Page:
The Corruption Conundrum by V Raghunathan
If only life existed in 2 or 3 variables, we could have solved all our problems using simple theories. Alas, real life has many more variables and all the problems which in isolation look very simple are equally complex in the web of the real world.
Raghunathan seems to be someone who lives in the academic world. Where every problem is stated hypothetically and hence the solutions are also hypothetical. And there is no way or even reason to test out the solution. It is only in the theoretical world that you can think about these paradoxes, puzzles, conundrums, dilemmas as simplistic 2 variable problems. In the real world, they hardly hold any relevance. So if you are betting your life earnings on a coin tossing game, no theory can predict your fate. People who sit on sidelines and watch the game are the ones who do all the useless analysis. People who are playing the game only know the dynamics they have to play with. They are driven by their motivations and by their value systems.
If the author had studied value systems and how they drive human behavior in the face of dilemmas, it would have made the book far more interesting. When faced with dilemmas we do not do probability calculations. We are driven by our circumstances and our values. In my opinion, a probability is just that – A probability.
What you can refer to this book for is a dictionary of paradoxes without going in depth of any of them. All possible kinds of paradoxes are listed and some explained at times with examples. They do render humor to the reader. And if that was the intent of the book then it has served that purpose to a large extent. Sometimes there is an attempt to co-relate a theoretical paradox with situations in newspapers. Most of the times examples given are unrealistic. For e.g. I had a good laugh at his Microsoft example where people would be put in different rooms and asked to bid for projects in a way that is absolutely funny.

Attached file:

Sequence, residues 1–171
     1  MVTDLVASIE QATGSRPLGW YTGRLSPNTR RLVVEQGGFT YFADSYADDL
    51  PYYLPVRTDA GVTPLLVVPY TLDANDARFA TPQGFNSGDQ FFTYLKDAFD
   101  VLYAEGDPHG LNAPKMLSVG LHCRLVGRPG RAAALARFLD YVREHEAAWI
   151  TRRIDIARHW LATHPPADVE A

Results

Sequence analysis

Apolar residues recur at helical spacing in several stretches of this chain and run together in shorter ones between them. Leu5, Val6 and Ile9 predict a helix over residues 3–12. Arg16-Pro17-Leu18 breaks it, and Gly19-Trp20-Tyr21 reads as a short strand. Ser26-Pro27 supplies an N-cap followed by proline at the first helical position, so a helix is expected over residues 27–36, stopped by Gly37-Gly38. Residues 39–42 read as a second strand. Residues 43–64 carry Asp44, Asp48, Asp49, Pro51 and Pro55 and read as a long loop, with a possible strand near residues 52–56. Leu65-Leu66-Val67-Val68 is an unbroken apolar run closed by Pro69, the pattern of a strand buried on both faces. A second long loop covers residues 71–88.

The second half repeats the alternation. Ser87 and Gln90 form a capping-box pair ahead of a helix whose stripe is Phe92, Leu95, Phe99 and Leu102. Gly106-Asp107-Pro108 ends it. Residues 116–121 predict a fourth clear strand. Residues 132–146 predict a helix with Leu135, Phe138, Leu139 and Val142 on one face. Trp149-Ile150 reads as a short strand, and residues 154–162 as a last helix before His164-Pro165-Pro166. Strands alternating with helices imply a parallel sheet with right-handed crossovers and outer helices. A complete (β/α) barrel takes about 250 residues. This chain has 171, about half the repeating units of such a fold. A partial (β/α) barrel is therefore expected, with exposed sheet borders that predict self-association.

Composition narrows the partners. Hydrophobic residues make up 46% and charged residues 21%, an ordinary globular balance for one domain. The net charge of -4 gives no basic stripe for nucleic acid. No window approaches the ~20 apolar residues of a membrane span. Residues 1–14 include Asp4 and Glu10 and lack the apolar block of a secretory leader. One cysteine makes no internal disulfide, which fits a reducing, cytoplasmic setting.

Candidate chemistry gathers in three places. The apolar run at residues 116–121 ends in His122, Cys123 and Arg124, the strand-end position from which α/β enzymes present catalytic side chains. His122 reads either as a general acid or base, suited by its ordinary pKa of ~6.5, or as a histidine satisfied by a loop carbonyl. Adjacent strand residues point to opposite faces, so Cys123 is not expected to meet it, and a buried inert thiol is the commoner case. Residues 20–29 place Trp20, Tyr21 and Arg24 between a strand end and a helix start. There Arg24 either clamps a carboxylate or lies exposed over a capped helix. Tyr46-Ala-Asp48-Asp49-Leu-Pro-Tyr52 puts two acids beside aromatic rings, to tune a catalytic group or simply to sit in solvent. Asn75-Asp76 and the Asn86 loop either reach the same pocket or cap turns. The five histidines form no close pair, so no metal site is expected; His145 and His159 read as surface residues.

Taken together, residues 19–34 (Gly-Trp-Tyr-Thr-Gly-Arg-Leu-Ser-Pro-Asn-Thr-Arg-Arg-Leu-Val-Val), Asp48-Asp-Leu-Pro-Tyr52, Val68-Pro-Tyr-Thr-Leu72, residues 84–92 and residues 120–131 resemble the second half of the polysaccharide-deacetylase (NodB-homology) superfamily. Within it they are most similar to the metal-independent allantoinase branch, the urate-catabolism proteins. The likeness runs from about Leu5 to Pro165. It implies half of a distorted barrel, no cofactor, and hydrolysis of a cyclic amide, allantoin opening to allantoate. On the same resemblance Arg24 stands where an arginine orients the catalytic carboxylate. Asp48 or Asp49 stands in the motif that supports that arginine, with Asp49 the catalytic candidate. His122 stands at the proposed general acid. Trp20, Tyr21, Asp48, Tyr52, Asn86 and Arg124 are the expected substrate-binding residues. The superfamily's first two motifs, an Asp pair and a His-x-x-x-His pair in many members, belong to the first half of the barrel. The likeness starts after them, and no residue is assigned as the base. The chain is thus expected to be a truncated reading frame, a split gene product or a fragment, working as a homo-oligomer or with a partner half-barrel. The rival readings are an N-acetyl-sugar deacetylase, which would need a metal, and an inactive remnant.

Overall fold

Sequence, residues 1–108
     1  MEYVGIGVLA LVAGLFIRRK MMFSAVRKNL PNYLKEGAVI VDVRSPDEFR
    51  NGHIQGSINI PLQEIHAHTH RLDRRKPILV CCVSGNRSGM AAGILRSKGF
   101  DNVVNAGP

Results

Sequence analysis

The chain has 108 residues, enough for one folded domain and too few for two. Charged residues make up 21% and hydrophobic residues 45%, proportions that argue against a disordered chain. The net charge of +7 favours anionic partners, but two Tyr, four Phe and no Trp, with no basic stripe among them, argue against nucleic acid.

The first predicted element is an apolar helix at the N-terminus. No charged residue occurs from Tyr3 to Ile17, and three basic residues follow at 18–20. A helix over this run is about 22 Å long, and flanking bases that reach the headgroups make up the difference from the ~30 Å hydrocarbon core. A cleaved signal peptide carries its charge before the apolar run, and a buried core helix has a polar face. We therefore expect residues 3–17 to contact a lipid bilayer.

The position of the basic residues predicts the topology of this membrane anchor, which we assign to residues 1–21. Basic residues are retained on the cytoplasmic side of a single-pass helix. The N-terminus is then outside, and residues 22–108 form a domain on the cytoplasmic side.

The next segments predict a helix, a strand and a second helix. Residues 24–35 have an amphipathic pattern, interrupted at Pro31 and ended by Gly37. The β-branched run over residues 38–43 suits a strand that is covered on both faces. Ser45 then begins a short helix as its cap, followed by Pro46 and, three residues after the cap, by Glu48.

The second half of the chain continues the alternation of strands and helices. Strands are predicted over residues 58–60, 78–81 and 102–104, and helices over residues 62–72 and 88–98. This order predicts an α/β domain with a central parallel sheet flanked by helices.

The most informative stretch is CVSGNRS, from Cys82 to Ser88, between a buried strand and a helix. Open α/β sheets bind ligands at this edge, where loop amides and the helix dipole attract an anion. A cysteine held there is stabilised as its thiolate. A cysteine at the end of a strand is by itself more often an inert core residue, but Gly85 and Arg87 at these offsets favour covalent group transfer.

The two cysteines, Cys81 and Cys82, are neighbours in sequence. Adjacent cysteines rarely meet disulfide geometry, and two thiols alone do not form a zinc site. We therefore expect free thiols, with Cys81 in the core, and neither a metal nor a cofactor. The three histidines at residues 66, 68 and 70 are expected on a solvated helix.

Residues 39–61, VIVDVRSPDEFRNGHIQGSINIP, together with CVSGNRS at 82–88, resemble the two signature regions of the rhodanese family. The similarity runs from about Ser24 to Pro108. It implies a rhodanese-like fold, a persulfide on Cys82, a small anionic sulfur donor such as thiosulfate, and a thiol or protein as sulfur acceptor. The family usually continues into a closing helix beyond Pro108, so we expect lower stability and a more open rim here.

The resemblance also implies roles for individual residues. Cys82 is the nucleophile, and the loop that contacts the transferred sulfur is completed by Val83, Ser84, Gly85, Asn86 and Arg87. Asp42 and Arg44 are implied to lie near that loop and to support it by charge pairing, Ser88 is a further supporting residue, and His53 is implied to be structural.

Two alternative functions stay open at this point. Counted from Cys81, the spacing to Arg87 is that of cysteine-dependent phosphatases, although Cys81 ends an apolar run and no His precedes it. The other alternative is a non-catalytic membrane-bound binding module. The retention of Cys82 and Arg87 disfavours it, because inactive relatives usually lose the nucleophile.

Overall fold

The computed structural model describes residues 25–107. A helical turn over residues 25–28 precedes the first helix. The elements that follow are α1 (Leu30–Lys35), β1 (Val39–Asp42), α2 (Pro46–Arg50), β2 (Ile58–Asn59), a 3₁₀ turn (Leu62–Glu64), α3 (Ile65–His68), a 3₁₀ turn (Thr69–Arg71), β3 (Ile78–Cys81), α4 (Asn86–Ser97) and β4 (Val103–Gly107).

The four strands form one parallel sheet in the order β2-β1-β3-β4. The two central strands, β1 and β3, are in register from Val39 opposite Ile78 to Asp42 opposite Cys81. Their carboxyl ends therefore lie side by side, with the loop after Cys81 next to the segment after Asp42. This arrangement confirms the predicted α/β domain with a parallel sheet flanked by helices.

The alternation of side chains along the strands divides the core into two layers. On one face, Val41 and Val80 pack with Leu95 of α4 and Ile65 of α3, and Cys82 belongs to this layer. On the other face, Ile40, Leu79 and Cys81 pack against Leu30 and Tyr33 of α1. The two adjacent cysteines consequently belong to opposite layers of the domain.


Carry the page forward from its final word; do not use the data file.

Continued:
Sometimes there is beating around of data to show how the same data can give you different answers. And since this is a book on paradoxes, the author looks at paradoxical answers. Well, have you not heard that if you beat the data enough, it will confess to anything you want it to? At times I had a feeling that I am being introduced to the official jargon for common sense.
There are quite a few editorial errors like spelling mistakes in the book. But the biggest goof up is the wrong citation of most famous Geeta shloka. I double checked the shloka of Geeta before writing this. And realized that some of the websites have misquoted it and perhaps the author/editor referred it from there. I think a book on dilemmas can take a lot from Bhagwad Geeta. After all, it is nothing but a detailed resolution of a dilemma and a view on various dilemmas that humans face throughout their lives.
More than two years back I had reviewed the other book written by Raghunathan ‘Games Indians Play’. This book The Corruption Conundrum more or less maintains my views about the author and his writing. He has borrowed liberally from his earlier book and not said anything essentially different from what he said earlier. This time he has kept himself away from analysis of human behavior which is good. This book may be well received by people who have not thought much about every day or famous paradoxes in and around their lives. But I am still wondering why did he write this book?
If you are curious about paradoxes, read the book The Corruption Conundrum. Otherwise, you can skip it.